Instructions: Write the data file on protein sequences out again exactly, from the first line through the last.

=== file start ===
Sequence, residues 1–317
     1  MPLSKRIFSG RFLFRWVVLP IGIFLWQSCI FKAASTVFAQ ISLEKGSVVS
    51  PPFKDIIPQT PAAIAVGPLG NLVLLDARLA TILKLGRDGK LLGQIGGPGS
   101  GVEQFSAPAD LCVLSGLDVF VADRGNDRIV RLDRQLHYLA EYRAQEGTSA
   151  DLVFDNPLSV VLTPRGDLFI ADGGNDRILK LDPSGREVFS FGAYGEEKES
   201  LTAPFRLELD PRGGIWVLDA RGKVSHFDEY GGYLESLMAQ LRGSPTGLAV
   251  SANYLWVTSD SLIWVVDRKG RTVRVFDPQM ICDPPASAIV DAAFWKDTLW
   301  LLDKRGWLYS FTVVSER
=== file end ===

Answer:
Sequence, residues 1–317
     1  MPLSKRIFSG RFLFRWVVLP IGIFLWQSCI FKAASTVFAQ ISLEKGSVVS
    51  PPFKDIIPQT PAAIAVGPLG NLVLLDARLA TILKLGRDGK LLGQIGGPGS
   101  GVEQFSAPAD LCVLSGLDVF VADRGNDRIV RLDRQLHYLA EYRAQEGTSA
   151  DLVFDNPLSV VLTPRGDLFI ADGGNDRILK LDPSGREVFS FGAYGEEKES
   201  LTAPFRLELD PRGGIWVLDA RGKVSHFDEY GGYLESLMAQ LRGSPTGLAV
   251  SANYLWVTSD SLIWVVDRKG RTVRVFDPQM ICDPPASAIV DAAFWKDTLW
   301  LLDKRGWLYS FTVVSER